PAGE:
Noel Fehily gave the winner a grateful pat down the shoulder, but his sombre expression already disclosed some sense of the disaster that would gouge all joy from their success. Moments earlier, he had sent Rock On Ruby over the last flight with Tony McCoy and Darlan breathing down their necks. Now one of the sport's rising stars lay dead on the turf, his dignity being hastily preserved from horrified spectators by the erection of screens. McCoy was unharmed in the fall, but even this iron man was too upset to ride again yesterday. A race that had introduced incongruous lustre to a Monday at Doncaster instead renewed the bleakest challenge faced by those who tend and cherish any horse bred and raised for competition.
The margin between fulfilment and despair had been appallingly abrupt. Anxious to preserve Darlan from a buffeting headwind, McCoy had kept his mount in Rock On Ruby's slipstream until the final obstacle in the 32Red Hurdle. Though quietly squeezed along, Darlan still looked full of energy and seemed on the brink of announcing himself unequivocally as the leading British rival to Hurricane Fly in the Stan James Champion Hurdle at Cheltenham, five weeks today. After all, he was about to run down the defending champion. In a race laid on only because other Cheltenham trials had been lost to the weather, connections must have felt everything was working out perfectly.
And then Darlan took one of those falls that would not permit them even a split second of hope. He stepped at the hurdle and crashed on to his neck. The anguish of Nicky Henderson, his trainer, was transparent. "Some game, isn't it?" he said. "Why is it always the good ones?"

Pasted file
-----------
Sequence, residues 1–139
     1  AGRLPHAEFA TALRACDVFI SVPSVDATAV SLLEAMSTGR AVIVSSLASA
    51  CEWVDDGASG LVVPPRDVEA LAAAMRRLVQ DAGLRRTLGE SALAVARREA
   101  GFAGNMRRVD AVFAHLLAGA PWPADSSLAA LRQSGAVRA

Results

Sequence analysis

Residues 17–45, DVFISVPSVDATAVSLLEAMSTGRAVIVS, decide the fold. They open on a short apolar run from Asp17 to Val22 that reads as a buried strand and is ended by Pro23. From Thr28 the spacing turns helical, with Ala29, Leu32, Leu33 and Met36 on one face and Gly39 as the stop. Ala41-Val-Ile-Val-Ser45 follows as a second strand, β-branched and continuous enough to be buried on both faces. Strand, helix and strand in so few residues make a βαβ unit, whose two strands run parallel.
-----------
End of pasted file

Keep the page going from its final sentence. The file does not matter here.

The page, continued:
Even in such a powerful stable, Darlan will leave a bitter void for those who cared for him in all weathers; who had hoped that the fall he took a year ago, when again on the point of a breakthrough success at Newbury, would prove the limit of the distress he might ever cause them.
But some sympathy should also be reserved for Harry Fry, forced to place one of the most rewarding moments of his young career into harrowing perspective. Having supervised Rock On Ruby as an anonymous lieutenant to Paul Nicholls last year, this time round he is skilfully building the horse back to peak form in his own name.
But he made a suitable priority of commiserating with the connections of Darlan before acknowledging satisfaction with the way Rock On Ruby had progressed from his comeback run – not least because Fehily had felt his mount to be idling in front. "He'll come on again for today," Fry said. "We can take him home and put the finishing touches on him. He's a really tough horse. He joined Countrywide Flame turning in, and it's a long way home, but he'll keep galloping and keep finding all day. The whole season has been built around Cheltenham and we can go there full of confidence."
Countrywide Flame, also a Festival winner last year, set a good pace and rallied well to go down by three lengths. John Quinn, his trainer, feels he can return to spring ground at Cheltenham with "a sporting each-way chance".
Those who can already find it in their hearts to review the revised odds will find that Hurricane Fly is now as short as 13-8 with Stan James, followed by Grandouet 5-1, Zarkandar 6-1 and Rock On Ruby 7-1.
Chris McGrath's Nap: Riskier (4.20 Sedgefield)
Energetic type will relish this shorter trip after shaping well on his return.
Next best: Beckhani (3.00 Market Rasen)
Where the Money's Going: Arabella Boy is 6-1 from 8-1 with Hills for the Glenfarclas Cross Country Chase at Cheltenham.
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